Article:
I want them to be able to listen to others’ ideas – and decide for themselves if they agree or not.
I want them to notice cool patterns in math – that its not just a bunch of worksheets and unrelated problems in a textbook.
I want them to recall things we discussed prior to this lesson because they developed an understanding deeper than just the surface.
I want them to be able to make those connections on their own (me only as a guide) and move forward.
I want them to be able to learn/be productive without me telling them when, what and how to do so.
I want them to value success because they’ve worked hard to earn it.

I want them to value learning – and realize “they are not defined by their GPA.”

Representing Polynomials FAL & Open Card Sorts


After an assessment last week, it seemed to me what I was doing wasn’t sticking for my students with polynomials.  So let’s just scrap plan A.  Plan B – I pulled out my Discovering Algebra book, came up with a box-building data collection that lead into the FAL I have linked  below.

Formative Assessment Lesson – Representing Polynomials

Thursday, students were given a 16 x 20 piece of grid paper and asked to cut out square corners and create a box with the largest volume possible.  We combined our data as a class.  Recording the corner size removed, length, width and height.  Students were asked to observe the data and respond I notice…  & I wonder… and that’s where our class began on Tuesday.

We shared out our responses, some adding ideas as we continued the discussion.  Work with our data on TI84s – we saw a connection between our constraints 0, 8, 10 and the graph of the regression equation.  This was not new, during the discussion, a question was brought up about what values would result in a volume of zero.  Students were able answer that with confidence and a reasonable explanation.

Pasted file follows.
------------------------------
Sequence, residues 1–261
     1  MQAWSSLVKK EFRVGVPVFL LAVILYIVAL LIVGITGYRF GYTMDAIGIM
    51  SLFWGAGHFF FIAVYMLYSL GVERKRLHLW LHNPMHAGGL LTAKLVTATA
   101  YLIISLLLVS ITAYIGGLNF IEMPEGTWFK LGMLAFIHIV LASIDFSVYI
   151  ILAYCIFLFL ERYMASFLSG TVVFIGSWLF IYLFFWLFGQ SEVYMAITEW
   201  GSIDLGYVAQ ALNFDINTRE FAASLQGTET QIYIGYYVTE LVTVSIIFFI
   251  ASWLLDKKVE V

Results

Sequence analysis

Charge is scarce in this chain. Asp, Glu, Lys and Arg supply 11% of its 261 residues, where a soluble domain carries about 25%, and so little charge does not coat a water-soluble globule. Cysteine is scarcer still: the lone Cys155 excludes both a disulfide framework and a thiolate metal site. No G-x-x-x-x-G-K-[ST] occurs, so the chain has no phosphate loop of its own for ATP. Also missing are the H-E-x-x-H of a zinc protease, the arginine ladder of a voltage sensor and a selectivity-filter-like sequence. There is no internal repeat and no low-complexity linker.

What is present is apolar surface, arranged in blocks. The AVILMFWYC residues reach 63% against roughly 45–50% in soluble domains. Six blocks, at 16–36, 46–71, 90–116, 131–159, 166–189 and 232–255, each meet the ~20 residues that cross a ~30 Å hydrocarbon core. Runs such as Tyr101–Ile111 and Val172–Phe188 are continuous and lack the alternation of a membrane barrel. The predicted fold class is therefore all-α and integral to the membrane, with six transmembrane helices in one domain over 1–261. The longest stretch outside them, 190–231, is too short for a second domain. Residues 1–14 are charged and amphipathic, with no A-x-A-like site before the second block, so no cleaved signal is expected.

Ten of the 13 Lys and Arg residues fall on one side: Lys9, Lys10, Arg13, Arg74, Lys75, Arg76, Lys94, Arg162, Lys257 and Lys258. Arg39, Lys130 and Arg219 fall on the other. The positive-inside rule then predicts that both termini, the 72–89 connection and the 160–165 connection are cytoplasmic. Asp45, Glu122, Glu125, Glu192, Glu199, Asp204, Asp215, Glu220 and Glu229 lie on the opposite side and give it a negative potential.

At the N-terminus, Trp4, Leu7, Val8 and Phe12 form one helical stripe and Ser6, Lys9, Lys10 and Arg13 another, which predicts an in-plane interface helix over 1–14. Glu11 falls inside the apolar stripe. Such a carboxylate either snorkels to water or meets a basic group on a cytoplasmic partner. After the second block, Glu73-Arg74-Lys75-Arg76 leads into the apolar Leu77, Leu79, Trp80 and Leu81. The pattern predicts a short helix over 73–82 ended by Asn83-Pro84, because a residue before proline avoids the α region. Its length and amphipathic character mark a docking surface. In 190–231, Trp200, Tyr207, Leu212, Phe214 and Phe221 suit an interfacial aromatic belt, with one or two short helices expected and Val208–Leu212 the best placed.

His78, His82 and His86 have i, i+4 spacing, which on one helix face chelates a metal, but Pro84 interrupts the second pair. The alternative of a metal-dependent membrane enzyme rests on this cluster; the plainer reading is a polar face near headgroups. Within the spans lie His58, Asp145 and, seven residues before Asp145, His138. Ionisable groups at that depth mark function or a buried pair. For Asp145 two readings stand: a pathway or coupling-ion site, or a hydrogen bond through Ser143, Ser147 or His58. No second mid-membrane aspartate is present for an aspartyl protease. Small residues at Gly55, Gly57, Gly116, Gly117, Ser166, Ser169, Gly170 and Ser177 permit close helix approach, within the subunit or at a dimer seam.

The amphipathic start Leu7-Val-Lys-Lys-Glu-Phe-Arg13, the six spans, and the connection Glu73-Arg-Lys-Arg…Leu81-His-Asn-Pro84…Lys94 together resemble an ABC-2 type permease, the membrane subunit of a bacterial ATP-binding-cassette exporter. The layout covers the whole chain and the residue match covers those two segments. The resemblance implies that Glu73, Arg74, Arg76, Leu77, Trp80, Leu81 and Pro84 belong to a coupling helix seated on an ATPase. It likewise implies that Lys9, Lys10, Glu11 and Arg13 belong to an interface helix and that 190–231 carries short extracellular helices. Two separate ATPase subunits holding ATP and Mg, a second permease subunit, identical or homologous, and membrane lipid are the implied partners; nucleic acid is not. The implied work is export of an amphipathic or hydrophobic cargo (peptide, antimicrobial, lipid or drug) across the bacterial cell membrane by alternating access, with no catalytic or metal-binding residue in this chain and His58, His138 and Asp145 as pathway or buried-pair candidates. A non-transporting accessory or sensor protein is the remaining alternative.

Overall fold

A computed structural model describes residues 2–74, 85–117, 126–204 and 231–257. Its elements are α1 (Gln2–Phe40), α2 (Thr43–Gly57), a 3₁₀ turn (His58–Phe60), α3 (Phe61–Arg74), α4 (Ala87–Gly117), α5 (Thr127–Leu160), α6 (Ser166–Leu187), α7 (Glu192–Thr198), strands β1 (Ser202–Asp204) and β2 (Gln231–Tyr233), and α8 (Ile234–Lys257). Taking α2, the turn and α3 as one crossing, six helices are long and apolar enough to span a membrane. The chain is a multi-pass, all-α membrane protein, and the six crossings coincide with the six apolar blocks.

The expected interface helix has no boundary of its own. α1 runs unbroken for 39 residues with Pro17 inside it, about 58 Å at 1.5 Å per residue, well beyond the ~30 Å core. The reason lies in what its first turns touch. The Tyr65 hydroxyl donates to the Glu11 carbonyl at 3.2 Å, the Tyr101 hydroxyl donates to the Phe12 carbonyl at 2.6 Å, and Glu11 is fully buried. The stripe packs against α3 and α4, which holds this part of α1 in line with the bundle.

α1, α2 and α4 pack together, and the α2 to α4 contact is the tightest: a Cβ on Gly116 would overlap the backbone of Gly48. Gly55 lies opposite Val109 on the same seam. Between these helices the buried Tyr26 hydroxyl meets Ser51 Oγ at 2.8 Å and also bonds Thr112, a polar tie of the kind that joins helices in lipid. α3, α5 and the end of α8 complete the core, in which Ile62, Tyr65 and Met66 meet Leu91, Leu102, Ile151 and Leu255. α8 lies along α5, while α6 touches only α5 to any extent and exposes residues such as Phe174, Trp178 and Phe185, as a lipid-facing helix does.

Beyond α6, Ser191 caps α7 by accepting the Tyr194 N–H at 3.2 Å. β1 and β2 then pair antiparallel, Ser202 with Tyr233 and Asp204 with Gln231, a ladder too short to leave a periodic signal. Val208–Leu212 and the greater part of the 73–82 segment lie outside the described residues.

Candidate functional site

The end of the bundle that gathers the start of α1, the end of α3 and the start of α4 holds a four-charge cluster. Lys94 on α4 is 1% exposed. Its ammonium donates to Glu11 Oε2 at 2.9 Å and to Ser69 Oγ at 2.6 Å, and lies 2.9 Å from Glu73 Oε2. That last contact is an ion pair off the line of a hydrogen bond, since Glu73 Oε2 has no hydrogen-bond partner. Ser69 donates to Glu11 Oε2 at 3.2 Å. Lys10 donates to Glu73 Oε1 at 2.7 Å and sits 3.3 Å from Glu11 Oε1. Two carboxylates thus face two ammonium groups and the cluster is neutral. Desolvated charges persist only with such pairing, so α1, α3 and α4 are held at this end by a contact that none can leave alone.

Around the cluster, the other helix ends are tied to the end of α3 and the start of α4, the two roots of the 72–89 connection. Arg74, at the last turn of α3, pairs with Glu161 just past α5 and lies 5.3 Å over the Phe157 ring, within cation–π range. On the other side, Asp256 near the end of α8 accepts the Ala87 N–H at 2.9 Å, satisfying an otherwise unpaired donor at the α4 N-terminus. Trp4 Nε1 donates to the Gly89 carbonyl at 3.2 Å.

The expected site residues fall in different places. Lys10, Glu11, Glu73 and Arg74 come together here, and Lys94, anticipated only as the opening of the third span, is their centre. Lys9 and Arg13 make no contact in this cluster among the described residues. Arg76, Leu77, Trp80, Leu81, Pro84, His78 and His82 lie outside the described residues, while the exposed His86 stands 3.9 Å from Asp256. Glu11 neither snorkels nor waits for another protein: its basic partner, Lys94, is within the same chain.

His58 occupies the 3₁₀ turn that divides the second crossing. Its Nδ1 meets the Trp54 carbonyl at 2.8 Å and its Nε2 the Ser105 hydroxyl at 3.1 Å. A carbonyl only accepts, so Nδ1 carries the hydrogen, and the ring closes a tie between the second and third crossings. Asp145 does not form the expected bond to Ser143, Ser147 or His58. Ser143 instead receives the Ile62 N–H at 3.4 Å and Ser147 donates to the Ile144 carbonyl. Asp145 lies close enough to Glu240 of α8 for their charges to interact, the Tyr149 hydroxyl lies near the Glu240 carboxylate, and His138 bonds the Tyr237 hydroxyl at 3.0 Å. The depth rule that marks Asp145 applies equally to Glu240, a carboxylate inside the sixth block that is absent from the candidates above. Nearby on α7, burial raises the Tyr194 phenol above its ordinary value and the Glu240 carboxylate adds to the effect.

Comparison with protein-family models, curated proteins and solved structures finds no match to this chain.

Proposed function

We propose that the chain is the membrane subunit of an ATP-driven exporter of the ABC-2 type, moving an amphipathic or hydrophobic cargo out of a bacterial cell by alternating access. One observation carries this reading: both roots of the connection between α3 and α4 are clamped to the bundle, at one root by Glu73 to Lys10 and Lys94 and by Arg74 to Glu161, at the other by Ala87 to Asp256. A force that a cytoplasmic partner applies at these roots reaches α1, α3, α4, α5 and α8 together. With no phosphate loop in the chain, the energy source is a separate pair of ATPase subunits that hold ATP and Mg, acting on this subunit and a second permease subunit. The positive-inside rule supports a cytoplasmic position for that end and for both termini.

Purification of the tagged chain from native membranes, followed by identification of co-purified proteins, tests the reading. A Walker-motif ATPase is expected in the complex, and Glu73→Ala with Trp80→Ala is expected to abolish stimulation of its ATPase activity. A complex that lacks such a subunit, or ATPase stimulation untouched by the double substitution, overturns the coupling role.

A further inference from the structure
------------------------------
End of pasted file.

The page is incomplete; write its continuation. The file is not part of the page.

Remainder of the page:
The FAL pre-assessment confirmed my students weren’t quite ready for the full blown lesson.  With discussion of rigor and relevance the past few days, I wanted to offer students something engaging but not so over their head, it was a flop.

I backed up and did a bit of prep work yesterday – with the following discussions in class:

FALreppoly FALreppoly2

Following with whiteboards / sharing for this slide from FAL:  FALreppoly3

and a simple practice set to ensure they were on track.   FALreppoly4


We began class today with a quick check of the 6 practice – with a focus on similarities / differences.  Noting the double root of #5.

Prior to the actual FAL, I decided to use the same equations and graphs they were to match during the FAL, except I would have them do a card sort.  Originally, I had planned to ask them to sort cards into 2 groups.  While pondering how I could make it better, I recalled a colleague sharing ideas about open card sorts from a John Antonetti training she had attended.  So, this is what I did.

I told students I wanted them to sort the 11 equations – any way they wanted – they just needed to be able to share out their reasoning behind their choices.  After a few moments, I called on different groups and we looked at their sorts.  I should have snapped pics / documented their responses.  I was amazed – not that they did it – but how well they did it.   The things they were looking at – were much better than my original idea to sort in to 2 groups.  Students were asking students – why they put one in one group instead of another. Pausing after we had the cards sorted on the board – giving other opportunity to look others’ groups…some were obvious, others were not.   I even had groups who had the exact same sorts, but with completely different reasoning.  Wow.